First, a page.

Laser Cutting Foam-Inserts,Tool Shadowing [2022]

Laser Cutting Foam-Inserts,Tool Shadowing [2022]

Laser Cutting Foam-Inserts,Tool Shadowing [2022]

When you want to create custom foam inserts, foam letters or foam based products, laser cutting can be a great choice.

Foam laser cutting is widely used in making tool shadowing, packaging, pillows, mattresses, padding, furniture, automobile cushioning, show soles, filters, and more.

Laser cutting allows you to cut complex foam shapes with ease which otherwise would be time-consuming.

While a specialized tool like a hot wire cutter can cut foam, a laser cutter lets you cut materials other than foam as well.

This article is all about laser-cutting foam. In the next sections of the article, I discuss how to laser cut foam, best settings, the benefits, challenges, best foams, and more.

MellowPine is reader-supported. When you buy through links on my site, I may earn an affiliate commission at no extra cost to you.

Laser Cutting Foam - The Basics

Laser-cut foam alphabets (Source Kern Laser Systems)

Foams are, by definition, objects having air pockets. In most cases, the volume of the air pockets is large.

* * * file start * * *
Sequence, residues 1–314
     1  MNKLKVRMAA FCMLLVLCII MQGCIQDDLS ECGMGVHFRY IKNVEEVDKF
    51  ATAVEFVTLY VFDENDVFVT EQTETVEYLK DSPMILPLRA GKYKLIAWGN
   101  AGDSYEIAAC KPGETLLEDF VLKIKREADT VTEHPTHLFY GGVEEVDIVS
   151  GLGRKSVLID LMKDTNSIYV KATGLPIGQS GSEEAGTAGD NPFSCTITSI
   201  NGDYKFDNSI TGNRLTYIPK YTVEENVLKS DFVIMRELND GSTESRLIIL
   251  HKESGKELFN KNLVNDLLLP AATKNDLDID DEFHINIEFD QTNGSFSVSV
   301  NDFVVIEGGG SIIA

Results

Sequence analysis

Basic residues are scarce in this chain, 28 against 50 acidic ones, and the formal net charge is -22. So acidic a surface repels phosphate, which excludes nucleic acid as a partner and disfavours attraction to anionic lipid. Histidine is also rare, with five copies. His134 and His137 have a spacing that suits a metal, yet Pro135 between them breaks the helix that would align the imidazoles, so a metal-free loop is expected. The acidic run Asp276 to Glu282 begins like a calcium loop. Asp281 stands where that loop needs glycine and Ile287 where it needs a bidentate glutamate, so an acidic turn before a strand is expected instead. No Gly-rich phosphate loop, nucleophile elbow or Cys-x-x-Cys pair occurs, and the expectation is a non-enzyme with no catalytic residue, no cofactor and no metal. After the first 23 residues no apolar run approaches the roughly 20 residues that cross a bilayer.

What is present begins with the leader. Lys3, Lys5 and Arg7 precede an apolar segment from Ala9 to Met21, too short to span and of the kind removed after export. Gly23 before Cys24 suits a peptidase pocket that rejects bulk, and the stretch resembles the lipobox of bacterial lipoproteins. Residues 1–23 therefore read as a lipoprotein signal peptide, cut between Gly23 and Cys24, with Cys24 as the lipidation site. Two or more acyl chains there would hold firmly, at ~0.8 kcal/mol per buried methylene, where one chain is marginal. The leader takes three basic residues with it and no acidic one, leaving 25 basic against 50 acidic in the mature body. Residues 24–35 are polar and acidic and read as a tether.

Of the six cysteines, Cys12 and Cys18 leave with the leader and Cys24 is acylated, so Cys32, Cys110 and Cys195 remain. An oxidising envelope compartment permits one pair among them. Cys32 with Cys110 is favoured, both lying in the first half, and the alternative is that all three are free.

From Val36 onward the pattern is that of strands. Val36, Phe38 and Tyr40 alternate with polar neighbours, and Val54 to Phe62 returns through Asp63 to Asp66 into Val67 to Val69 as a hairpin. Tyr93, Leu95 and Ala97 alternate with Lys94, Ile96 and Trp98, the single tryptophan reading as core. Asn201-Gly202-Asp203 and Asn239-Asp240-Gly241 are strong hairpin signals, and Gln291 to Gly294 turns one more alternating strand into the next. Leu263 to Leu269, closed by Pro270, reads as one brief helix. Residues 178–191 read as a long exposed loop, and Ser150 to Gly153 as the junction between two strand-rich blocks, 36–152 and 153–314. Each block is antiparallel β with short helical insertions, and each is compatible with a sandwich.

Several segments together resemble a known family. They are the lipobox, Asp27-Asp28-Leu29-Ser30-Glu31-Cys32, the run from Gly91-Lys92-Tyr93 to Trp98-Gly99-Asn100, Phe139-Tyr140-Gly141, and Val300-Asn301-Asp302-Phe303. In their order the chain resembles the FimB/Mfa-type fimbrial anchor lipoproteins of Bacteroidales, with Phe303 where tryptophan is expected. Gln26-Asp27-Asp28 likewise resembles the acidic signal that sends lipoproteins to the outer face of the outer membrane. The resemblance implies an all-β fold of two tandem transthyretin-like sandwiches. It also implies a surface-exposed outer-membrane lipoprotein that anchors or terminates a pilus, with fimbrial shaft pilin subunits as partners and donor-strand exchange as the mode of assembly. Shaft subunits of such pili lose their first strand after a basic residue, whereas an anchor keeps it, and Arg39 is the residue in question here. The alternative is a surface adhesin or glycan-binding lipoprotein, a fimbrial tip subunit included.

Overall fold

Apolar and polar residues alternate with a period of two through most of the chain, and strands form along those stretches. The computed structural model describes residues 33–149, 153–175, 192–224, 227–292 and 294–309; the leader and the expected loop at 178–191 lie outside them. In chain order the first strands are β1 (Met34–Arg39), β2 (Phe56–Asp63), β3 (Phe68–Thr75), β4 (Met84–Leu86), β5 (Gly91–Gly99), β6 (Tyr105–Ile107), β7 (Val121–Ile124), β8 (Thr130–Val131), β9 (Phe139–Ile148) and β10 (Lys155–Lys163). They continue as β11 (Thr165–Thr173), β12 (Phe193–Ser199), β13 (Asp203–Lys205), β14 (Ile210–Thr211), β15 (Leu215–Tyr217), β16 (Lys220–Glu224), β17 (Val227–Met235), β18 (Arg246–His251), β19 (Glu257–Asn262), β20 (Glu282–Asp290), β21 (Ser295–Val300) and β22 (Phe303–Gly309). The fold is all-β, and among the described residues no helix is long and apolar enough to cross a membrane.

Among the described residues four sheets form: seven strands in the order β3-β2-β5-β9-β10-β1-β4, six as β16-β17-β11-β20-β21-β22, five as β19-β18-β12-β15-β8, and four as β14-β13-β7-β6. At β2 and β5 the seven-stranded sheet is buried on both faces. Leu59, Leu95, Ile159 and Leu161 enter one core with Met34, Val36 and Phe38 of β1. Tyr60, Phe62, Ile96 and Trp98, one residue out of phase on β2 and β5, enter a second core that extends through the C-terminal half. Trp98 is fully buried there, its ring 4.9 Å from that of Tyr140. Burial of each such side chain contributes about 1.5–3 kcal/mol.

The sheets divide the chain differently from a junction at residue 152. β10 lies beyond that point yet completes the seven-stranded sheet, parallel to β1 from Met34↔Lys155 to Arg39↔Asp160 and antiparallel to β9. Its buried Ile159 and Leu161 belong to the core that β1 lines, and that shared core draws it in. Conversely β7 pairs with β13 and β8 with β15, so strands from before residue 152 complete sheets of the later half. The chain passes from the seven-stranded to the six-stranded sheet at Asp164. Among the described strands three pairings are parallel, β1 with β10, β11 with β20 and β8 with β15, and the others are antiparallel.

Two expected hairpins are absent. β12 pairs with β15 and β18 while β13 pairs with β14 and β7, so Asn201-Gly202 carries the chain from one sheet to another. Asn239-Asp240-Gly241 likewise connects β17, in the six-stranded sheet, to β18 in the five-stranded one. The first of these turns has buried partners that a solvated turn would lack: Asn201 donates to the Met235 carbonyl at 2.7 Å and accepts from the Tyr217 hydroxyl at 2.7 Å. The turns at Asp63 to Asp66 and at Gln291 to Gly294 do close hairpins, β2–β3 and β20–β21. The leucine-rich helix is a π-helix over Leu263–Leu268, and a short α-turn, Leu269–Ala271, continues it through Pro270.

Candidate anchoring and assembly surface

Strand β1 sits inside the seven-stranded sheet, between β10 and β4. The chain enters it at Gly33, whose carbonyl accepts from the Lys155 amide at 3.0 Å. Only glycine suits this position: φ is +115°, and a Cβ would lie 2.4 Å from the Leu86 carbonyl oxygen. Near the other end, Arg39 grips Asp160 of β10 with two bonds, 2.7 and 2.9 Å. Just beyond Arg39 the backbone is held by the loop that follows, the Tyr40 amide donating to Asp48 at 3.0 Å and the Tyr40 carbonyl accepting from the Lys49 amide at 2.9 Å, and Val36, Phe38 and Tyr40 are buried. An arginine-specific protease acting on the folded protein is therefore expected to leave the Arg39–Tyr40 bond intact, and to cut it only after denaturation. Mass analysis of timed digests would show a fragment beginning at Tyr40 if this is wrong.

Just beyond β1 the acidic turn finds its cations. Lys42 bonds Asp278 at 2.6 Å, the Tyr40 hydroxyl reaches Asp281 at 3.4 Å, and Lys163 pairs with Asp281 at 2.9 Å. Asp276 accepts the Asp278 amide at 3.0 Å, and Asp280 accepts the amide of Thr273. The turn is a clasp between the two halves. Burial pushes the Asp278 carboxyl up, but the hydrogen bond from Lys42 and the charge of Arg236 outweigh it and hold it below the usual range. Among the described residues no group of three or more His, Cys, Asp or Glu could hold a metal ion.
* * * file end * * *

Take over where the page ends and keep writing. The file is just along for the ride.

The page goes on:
At the structural level, foams are made as closed-cell and open-cell. In open-cell foams, the air columns are connected and are porous, but in closed-cell foams, the air pockets are discrete and are not porous.

As a general rule, closed-cell foams are denser than open-cell foams. However, density is also influenced by the material used and the air pocket size.

Solid foams are now used in almost all packaging applications because of their ability to deform and reform to their original shape.

The most widely used foams are polymer made. However, foams made of ceramic and metals are also available.

Ceramic foams are used in filtration, thermal insulation, acoustic insulation, and absorbing environmental pollutants.

Metal foams are used for sound damping, crash absorption, catalysts requiring large surface area, and more.

Most polymer-based foams can be easily laser-cut, but cutting ceramic and metal foams is not easy.

How to Laser Cut Foam-Guide

Creating the design

The first step in building any project in a laser cutter is making the right design.

While designing, make sure the cut paths are not too close to each other. For example, thin cutouts on a foam sheet may sometimes burn and overlap.

Depending on the foam material you intend to use, you will have to set the proper dimensions in the CAD software.

Some foams can melt due to heat buildup when the cuts are too close to each other. So it is crucial to give enough room for each cut.